Samsung Brings Galaxy Note 7 Battery Limit To South Korea


Samsung has already killed off the Galaxy Note 7 in the wake of an explosion scandal and arguably botched recall, but some users simply won't get rid of the defective phones. Some statistics put the number of Galaxy Note 7 units still out in the wild at around 1 million globally. Samsung has made many efforts to get Galaxy Note 7s out of peoples' hands and off the streets, but since the users physically possess the devices, the decision is ultimately in their hands, unless owning a Note 7 becomes illegal. One of the ways that Samsung has been encouraging Note 7 owners to turn in their devices and participate in the mass recall is by shortening their battery life, which doubles as a safety measure. Updates have gone out in multiple territories already that limit the Galaxy Note 7's battery charge to only 60%, and it seems that such a patch is now finally making its way to the land that the Galaxy Note 7 came from, South Korea.

Updates have already gone out to warn users of flight bans and recalls, so lowering the possible battery life is essentially the last straw, short of outlawing the phone as mentioned above, or remotely bricking the phones outright. While a custom ROM or flashing an earlier firmware with updates disabled would fix these woes for those users who truly want to roll the dice, the safety issues and inconveniences still remain. Underclocking and undervolting the phone's processor are not possible on the stock firmware and could possibly help with the possibility of an explosion, but they are no guarantee.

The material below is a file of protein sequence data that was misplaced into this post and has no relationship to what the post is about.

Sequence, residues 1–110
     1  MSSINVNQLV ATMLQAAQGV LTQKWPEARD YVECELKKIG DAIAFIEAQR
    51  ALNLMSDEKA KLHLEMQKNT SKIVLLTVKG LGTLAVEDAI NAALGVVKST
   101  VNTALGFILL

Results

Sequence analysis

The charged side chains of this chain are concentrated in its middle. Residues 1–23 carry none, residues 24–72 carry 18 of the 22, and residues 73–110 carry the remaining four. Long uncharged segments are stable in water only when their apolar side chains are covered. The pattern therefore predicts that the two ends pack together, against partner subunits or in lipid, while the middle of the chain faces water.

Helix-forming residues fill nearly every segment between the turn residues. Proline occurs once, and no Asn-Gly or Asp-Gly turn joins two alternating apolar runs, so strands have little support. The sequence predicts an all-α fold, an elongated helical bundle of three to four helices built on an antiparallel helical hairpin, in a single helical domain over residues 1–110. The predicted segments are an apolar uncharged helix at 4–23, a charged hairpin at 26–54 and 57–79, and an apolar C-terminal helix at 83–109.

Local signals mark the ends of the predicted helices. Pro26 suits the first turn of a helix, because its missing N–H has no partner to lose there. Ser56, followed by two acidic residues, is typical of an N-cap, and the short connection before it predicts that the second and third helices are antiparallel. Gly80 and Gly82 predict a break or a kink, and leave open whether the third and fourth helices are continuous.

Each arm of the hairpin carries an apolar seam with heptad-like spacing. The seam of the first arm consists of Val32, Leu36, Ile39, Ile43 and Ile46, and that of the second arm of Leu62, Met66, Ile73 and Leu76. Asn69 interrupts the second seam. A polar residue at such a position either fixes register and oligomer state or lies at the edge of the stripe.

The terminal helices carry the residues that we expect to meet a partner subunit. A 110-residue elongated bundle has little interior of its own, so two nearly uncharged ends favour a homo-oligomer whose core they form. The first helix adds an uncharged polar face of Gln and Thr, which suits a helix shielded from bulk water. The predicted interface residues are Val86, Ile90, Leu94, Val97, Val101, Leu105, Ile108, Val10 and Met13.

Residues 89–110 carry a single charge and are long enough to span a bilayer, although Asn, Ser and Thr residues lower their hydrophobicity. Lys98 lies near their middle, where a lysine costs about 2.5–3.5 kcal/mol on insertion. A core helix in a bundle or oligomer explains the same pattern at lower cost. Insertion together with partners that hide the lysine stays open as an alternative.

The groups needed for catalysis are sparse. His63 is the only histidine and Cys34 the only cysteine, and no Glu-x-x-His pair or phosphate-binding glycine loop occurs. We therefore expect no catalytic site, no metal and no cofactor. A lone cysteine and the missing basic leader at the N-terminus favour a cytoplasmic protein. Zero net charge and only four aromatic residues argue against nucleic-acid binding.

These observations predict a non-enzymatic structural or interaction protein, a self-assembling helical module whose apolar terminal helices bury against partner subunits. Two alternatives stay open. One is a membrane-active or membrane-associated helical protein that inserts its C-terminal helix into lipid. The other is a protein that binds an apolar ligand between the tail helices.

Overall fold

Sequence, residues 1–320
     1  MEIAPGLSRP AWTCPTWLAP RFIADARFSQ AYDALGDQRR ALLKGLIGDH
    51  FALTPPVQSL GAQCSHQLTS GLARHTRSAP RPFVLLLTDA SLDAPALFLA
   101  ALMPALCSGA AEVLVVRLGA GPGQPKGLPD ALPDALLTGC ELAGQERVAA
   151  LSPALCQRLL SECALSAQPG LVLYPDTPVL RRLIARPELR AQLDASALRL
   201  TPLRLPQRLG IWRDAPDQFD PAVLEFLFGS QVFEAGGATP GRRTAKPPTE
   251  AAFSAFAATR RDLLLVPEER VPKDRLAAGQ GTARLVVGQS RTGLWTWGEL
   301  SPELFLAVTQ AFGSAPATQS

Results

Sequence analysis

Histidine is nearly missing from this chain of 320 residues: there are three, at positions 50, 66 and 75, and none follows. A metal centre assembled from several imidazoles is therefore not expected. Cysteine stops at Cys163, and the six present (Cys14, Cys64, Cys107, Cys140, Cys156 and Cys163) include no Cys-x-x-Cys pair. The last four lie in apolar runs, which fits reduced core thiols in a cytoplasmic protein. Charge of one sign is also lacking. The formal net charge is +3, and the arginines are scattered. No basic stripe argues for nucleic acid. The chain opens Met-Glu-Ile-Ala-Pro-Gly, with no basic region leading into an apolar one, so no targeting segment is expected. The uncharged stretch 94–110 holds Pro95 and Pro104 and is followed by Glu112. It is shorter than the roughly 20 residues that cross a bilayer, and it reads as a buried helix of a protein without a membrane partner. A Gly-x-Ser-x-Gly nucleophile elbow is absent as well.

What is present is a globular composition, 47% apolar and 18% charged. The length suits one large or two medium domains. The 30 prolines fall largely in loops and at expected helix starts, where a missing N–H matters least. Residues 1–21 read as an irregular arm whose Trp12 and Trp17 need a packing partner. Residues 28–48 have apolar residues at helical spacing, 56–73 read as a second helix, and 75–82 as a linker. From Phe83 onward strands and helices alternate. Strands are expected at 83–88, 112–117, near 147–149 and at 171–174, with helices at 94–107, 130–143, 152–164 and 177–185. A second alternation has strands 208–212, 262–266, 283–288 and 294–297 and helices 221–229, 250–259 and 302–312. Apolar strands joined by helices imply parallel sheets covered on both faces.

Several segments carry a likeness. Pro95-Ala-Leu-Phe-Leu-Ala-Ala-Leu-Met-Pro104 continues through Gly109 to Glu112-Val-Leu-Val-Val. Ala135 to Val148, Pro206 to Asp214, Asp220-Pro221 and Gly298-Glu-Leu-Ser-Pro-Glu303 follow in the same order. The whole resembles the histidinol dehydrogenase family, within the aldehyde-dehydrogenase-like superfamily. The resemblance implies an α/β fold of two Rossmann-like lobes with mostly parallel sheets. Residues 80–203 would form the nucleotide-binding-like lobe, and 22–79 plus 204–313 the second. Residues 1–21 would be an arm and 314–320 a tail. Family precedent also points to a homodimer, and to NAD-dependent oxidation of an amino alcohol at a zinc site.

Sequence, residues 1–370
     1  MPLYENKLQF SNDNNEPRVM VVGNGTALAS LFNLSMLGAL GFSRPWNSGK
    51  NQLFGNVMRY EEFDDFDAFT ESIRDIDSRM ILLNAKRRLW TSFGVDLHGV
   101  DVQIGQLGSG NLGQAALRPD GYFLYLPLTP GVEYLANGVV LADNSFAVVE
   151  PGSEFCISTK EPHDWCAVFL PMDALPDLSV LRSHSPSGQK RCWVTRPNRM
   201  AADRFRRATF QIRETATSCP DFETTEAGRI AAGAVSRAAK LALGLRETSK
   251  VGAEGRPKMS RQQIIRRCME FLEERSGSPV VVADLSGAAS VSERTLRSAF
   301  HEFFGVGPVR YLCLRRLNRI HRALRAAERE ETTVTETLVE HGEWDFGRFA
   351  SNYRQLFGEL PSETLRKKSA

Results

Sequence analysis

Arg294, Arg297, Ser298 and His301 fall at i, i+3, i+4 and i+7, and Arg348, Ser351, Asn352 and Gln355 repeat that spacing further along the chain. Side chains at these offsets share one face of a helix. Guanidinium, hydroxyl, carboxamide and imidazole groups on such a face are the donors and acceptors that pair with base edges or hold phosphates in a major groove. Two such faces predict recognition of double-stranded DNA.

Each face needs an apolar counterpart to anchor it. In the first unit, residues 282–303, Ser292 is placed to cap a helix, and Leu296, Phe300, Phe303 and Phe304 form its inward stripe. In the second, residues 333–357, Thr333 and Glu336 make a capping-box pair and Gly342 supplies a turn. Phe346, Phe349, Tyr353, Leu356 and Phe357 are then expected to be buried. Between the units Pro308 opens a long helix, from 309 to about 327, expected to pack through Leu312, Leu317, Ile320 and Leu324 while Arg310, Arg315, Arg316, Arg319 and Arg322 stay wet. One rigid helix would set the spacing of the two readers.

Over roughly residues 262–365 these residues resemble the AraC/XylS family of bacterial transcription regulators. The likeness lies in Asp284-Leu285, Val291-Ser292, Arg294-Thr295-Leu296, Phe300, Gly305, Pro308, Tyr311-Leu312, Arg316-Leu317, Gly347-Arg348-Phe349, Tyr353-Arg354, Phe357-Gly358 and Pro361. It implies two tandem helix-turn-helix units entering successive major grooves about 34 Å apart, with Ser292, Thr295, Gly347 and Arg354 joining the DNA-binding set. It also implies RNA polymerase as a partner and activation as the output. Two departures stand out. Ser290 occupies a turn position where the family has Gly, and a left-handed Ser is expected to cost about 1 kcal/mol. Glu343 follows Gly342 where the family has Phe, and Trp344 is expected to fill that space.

Those who have stuck with the stock firmware or a fairly close derivative have found it a bit more difficult to crack the phone open and install something else after the 60% update dropped in their particular territory. People in South Korea who still have the device on a fairly unmodified system software can expect the mandatory update to drop and cut their battery life nearly in half on October 29, at 2 AM local time. From then on, the phone will not be able to charge beyond 60%, making it a little bit safer and far less appealing to keep despite Samsung's pleas to return the phones.

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Senior Staff Writer

Daniel has been writing for Android Headlines since 2015, and is one of the site's Senior Staff Writers. He's been living the Android life since 2010, and has been interested in technology of all sorts since childhood. His personal, educational and professional backgrounds in computer science, gaming, literature, and music leave him uniquely equipped to handle a wide range of news topics for the site. These include the likes of machine learning, Voice assistants, AI technology development news in the Android world. Contact him at [email protected]

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